Although developed for the heavier F-4J, the low-speed lift improvement package that consisted of the drooped ailerons, slotted stabilator, and elimination of the inboard leading edge flap was of benefit to the F-4B as well. It was incorporated on the production line beginning with F-4B Block 26, the first of which was BuNo 152995 that first flew in March 1966.  It was retrofitted to most of the surviving earlier F-4Bs over time.  For more on this, see

The addition of the strengthened main landing gear was reportedly accomplished in conjunction with the lift improvements. However, according to the McDonnell Plane Captains Handbook dated January 1970, it wasn't installed on the production line until BuNo 153912, which was the last but three of the production F4Bs; those delivered before then were modified at the next overhaul. The longer stoke oleo required a fairing over the landing gear mounting point on the upper wing surface.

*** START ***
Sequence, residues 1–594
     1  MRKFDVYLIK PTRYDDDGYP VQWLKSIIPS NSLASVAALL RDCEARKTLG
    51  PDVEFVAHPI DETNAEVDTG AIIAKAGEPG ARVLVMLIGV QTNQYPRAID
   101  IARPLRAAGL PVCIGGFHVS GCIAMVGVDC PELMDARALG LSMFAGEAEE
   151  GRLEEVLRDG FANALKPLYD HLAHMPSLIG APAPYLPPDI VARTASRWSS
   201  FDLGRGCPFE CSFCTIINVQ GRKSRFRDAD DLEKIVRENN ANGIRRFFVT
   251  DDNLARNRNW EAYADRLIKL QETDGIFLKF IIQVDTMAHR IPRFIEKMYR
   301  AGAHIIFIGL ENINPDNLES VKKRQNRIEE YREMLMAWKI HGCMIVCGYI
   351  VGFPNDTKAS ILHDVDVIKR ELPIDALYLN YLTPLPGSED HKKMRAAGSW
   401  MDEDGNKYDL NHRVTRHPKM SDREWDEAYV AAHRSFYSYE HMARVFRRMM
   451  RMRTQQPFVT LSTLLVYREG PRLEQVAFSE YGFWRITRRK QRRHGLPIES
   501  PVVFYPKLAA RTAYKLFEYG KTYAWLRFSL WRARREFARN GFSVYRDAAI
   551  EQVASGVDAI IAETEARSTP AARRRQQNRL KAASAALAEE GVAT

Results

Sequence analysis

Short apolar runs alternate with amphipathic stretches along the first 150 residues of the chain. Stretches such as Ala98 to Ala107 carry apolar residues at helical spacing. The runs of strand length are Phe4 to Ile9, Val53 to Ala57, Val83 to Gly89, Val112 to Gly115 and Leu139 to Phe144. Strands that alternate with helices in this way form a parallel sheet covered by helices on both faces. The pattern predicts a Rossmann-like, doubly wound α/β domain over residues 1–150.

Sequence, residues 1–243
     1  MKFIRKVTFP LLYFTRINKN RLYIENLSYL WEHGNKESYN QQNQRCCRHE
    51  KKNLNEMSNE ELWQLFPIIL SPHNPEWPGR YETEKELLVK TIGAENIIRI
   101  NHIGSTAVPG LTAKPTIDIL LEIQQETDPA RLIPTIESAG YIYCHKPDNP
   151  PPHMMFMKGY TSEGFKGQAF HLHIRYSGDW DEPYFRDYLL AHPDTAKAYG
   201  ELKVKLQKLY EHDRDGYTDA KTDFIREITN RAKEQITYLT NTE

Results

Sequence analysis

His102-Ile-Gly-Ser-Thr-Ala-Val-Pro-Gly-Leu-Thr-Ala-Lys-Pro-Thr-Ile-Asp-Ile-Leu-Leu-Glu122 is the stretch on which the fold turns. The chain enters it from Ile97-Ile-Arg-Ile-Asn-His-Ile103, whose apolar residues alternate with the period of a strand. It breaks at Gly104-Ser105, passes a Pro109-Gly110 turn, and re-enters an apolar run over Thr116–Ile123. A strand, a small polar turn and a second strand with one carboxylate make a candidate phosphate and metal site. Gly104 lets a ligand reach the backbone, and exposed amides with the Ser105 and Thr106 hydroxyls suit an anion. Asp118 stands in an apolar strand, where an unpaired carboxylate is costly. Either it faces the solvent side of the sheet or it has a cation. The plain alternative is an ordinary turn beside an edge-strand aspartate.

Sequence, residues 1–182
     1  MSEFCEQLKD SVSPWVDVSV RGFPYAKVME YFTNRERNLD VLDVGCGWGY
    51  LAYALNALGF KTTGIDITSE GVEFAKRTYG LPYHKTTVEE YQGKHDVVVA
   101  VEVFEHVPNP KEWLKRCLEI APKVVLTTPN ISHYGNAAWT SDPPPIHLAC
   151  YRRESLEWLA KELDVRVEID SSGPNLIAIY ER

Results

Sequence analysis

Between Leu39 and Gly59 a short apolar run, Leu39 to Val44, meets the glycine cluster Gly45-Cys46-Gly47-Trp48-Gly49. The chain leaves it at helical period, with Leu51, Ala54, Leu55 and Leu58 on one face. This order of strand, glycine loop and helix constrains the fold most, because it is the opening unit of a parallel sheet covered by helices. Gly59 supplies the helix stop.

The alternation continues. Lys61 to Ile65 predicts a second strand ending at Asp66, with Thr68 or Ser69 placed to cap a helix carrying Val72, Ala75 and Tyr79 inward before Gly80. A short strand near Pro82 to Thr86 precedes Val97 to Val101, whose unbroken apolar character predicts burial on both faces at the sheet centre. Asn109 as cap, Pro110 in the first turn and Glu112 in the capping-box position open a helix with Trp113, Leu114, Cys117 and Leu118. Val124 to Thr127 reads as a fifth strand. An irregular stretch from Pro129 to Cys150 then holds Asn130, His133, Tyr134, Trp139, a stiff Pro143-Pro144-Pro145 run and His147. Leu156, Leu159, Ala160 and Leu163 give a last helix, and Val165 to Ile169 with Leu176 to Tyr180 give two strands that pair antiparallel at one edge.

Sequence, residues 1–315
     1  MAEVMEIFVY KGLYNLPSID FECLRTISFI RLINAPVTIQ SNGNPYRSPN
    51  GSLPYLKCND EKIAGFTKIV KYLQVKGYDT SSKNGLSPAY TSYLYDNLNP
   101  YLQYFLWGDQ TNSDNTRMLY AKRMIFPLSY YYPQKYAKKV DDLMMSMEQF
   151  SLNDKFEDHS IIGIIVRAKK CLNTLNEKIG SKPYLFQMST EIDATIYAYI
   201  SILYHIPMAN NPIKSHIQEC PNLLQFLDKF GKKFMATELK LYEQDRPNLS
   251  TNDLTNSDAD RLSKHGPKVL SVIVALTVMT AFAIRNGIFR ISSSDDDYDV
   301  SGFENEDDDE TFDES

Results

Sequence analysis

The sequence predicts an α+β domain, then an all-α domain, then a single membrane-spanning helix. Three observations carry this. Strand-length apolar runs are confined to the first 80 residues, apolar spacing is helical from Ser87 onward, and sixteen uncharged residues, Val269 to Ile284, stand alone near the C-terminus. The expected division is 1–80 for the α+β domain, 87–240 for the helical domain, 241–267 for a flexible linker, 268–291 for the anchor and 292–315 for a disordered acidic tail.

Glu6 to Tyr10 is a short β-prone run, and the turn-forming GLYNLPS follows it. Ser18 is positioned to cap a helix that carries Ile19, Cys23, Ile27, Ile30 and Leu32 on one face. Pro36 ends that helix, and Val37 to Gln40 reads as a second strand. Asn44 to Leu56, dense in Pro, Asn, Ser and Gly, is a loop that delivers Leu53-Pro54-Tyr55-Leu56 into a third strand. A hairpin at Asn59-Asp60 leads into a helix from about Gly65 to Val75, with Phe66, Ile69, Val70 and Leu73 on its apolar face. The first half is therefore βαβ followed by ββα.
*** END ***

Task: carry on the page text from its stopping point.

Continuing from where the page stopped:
You're on your own with respect to the ECM configurations, external strengthening doublers, the USMC RF-4B, etc for the time being.

The F-4C/D/E were U.S. Air Force variants. The F-4F was delivered to the German Air Force. The F-4G designation was applied to two different F-4s, a dozen built for the Navy with a data link and automatic carrier landing system (see and subsequently designated as F-4Bs, and a U.S. Air Force version specialized for air defense suppression. F-4H (supposedly too similar to the original F4H) and F-4I ("I" could be confused for "1"?) were not used.